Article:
Photo credit: Greenpeace
EcoWatch Daily Newsletter
The Centers for Disease Control has emphasized that washing hands with soap and water is one of the most effective measures we can take in preventing the spread of COVID-19. However, millions of Americans in some of the most vulnerable communities face the prospect of having their water shut off during the lockdowns, according to The Guardian.
Aerial photos of the Sierra Nevada — the long mountain range stretching down the spine of California — showed rust-colored swathes following the state's record-breaking five-year drought that ended in 2016. The 100 million dead trees were one of the most visible examples of the ecological toll the drought had wrought.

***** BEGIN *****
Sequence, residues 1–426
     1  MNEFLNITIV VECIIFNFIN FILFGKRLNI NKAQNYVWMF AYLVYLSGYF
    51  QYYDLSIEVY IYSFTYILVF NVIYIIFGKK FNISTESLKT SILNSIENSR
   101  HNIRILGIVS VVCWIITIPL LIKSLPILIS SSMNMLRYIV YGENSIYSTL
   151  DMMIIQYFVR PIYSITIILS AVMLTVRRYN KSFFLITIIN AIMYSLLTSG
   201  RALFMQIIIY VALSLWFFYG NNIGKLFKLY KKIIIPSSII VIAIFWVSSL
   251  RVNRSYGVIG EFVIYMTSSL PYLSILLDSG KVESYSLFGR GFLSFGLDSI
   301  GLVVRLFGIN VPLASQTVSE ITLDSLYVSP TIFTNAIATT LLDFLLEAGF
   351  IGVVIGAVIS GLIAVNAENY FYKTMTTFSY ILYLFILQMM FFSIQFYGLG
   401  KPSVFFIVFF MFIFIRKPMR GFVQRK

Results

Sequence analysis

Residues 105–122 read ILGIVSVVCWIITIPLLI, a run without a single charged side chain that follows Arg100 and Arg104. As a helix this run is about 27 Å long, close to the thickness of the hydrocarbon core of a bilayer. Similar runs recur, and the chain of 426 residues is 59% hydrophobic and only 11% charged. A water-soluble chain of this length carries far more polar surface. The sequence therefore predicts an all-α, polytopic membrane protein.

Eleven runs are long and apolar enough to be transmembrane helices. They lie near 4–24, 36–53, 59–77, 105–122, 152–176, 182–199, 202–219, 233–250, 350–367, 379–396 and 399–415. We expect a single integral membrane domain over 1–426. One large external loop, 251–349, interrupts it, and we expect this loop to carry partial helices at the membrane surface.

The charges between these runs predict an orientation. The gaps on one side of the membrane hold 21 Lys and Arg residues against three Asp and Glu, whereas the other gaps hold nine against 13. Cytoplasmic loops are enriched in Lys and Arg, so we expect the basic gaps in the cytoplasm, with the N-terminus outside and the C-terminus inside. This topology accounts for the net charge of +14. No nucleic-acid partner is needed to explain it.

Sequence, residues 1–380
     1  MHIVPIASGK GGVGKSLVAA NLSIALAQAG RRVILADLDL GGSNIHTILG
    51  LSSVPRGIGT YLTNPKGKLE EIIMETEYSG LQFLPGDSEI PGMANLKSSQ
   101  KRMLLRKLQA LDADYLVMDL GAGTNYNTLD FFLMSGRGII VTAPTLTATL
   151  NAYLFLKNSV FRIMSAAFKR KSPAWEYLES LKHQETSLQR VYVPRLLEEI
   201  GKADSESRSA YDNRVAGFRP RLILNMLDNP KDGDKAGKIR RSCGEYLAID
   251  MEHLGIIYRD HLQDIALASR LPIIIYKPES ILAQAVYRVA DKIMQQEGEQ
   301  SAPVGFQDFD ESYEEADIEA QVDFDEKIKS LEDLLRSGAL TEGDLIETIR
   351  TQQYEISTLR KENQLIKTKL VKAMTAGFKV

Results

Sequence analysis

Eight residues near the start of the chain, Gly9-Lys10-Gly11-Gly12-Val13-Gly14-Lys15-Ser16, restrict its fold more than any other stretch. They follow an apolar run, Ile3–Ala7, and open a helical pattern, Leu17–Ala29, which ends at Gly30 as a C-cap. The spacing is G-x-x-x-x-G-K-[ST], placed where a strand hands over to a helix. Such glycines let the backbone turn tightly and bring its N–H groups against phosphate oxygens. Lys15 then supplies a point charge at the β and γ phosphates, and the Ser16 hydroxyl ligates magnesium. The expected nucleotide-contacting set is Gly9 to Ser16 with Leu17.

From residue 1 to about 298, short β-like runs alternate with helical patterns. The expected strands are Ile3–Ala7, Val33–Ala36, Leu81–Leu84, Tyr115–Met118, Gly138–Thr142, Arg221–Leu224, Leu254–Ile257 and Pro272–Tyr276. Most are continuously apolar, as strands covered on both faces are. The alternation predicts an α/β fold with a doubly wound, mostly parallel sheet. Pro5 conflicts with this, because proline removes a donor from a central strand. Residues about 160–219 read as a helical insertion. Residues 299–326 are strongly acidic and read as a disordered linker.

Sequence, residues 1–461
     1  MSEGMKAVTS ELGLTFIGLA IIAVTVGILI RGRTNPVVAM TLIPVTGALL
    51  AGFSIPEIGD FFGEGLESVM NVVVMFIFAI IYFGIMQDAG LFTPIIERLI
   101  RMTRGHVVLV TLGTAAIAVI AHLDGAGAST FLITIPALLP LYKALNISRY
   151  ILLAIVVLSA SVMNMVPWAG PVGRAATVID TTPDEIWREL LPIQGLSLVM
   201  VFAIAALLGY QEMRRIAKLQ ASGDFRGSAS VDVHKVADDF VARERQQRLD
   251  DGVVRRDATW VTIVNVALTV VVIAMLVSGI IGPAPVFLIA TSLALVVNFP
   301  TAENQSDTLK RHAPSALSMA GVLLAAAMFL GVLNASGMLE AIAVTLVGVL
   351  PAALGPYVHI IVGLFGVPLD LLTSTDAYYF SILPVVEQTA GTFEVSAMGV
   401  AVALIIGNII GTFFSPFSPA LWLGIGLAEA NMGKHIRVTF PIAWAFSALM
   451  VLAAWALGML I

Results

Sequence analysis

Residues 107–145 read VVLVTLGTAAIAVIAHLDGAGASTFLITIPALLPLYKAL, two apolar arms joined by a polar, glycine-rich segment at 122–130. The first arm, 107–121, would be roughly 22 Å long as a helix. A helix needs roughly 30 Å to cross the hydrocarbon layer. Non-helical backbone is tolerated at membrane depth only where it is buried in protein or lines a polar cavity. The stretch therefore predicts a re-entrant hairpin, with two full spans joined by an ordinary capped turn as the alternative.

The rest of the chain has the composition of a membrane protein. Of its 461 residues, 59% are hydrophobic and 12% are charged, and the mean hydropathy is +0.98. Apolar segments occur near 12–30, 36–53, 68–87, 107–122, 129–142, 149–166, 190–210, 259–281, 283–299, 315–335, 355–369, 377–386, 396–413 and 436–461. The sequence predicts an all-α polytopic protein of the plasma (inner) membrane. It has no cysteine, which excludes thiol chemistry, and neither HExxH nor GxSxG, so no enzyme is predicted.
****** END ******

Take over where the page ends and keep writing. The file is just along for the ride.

Now, a few years later, we're starting to learn about how smaller, less noticeable species were affected.
Natthawat / Moment / Getty Images
Disinfectants and cleaners claiming to sanitize against the novel coronavirus have started to flood the market, raising concerns for the U.S. Environmental Protection Agency (EPA), which threatened legal recourse against retailers selling unregistered products, according to The New York Times.
The global coronavirus pandemic has thrown our daily routine into disarray. Billions are housebound, social contact is off-limits and an invisible virus makes up look at the outside world with suspicion. No surprise, then, that sustainability and the climate movement aren't exactly a priority for many these days.
By Molly Matthews Multedo
Livestock farming contributes to global warming, so eating less meat can be better for the climate.